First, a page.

Don’t knock scare tactics. They’ve worked well for B.C.’s so-called fragile biotech industry, whose boosters might say dire predictions are the best way to squeeze industry tax credits out of provincial government coffers.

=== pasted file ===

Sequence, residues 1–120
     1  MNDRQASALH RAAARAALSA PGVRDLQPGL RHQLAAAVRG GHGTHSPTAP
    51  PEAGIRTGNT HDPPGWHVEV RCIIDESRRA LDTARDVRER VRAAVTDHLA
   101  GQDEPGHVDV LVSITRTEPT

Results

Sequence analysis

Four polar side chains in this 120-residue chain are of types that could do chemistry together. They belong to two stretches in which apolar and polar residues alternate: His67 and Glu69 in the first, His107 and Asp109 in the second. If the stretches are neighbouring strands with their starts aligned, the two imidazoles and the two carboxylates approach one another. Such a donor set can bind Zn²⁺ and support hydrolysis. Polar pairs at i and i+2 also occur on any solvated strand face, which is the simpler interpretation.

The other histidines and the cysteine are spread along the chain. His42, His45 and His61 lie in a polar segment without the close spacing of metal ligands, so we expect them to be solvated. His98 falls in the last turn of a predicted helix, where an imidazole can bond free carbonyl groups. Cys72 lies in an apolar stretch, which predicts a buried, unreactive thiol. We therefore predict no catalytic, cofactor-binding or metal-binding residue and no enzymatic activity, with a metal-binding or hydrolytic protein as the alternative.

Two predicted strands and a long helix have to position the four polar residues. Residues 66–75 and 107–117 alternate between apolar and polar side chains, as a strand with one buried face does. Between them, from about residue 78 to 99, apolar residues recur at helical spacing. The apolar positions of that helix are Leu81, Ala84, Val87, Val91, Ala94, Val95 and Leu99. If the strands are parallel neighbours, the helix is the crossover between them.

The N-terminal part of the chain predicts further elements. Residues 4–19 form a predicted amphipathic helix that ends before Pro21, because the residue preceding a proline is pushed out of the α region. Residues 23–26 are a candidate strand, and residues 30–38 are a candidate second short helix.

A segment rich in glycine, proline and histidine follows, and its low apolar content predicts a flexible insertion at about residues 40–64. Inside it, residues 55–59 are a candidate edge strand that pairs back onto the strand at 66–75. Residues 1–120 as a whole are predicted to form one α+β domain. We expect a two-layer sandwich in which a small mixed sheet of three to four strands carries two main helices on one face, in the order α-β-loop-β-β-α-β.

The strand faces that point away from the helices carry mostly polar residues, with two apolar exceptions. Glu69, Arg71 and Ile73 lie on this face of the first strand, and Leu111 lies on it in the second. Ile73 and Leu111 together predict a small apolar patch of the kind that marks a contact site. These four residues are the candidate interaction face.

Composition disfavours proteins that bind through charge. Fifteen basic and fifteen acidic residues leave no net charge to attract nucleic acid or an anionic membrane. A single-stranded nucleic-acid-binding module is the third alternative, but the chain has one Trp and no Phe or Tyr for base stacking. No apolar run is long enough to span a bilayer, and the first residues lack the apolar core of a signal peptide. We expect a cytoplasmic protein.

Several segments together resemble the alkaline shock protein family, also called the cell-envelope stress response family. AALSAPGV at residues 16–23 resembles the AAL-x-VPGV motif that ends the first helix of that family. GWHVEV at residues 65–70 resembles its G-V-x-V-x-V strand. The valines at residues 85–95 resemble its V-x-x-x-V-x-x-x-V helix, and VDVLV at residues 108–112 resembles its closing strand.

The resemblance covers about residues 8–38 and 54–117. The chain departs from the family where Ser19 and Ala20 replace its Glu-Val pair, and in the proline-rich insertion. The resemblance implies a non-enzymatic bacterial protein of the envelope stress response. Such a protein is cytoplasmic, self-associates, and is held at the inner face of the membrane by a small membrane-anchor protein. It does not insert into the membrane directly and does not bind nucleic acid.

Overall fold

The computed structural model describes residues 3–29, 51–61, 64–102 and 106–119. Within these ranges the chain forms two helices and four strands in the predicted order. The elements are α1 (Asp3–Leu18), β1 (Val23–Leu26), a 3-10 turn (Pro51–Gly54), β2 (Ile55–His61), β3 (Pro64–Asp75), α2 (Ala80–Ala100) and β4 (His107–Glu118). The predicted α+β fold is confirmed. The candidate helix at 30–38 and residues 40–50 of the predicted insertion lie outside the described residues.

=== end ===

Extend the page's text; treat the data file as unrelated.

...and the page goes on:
Don’t knock scare tactics. They’ve worked well for B.C.’s so-called fragile biotech industry, whose boosters might say dire predictions are the best way to squeeze cash out of provincial government coffers. It’s worked to varying degrees for the film industry in B.C., quick to forecast its demise should support from the province wane. Both sectors say provincial tax incentives and subsidies are necessary to keep companies on B.C. soil, and the argument is working surprisingly well – even on a provincial government that was not elected for its inclination to slide subsidies to business. On the biotech front, B.C.’s top life sciences lawyer – and one of its biggest promoters – Hector MacKay-Dunn, 54, of Farris, says B.C. is “punching above its weight” in producing profitable life sciences companies (local darlings include QLT, Angiotech and Aspreva ) but falls short when it comes to supporting their continued growth. He’s been involved in nearly every biotech offering or transaction in the province and has made a name for himself as one of the country’s leading biotech dealmakers. MacKay-Dunn is also a pal of the premier and along with PWC, he compiled a list of recommendations on how the province should support the burgeoning industry. Biotech is known as risky territory for investors (QLT burned cash for 20 years before turning a profit). Government incentives – often in the form of tax breaks to help early-stage companies afford the R&D necessary to get drugs and products to market – have provided a leg-up. For companies in B.C. to grow from discovering drugs to selling them worldwide, MacKay-Dunn says the province must cough up subsidies (stock-option credits to reduce the amount of personal income tax triggered when options are exercised, create a personal income tax exemption on income of foreign researchers and expand current R&D tax credits) equal to those being offered in competing jurisdictions such as Quebec, San Diego and Boston. He has strong praise for the $20-million tax gift the industry got in the September budget, aimed at easing the tax burden for firms that are selling products globally, and brushed aside questions about whether his personal friendship with the premier played any role in the new funding. The money is meant to keep companies selling products overseas in B.C. (They’re up against pressure to relocate to a low- or no-cost tax haven such as New Jersey, Switzerland or Barbados to avoid paying Canadian taxes on international sales.) “The economics have to work and if the returns aren’t there, shareholders will demand better,” MacKay-Dunn says. If, say, QLT or Angiotech were gobbled up tomorrow, there could be pressure to skip town. “In a heartbeat, one or both could be acquired and the new owner will look to find the best place for it to grow.” MacKay-Dunn says B.C.’s biotech industry is at a tipping point – and government support is needed to ensure it stays put and grows. That may be true. It’s certainly an argument that got a lot of traction during the NDP reign.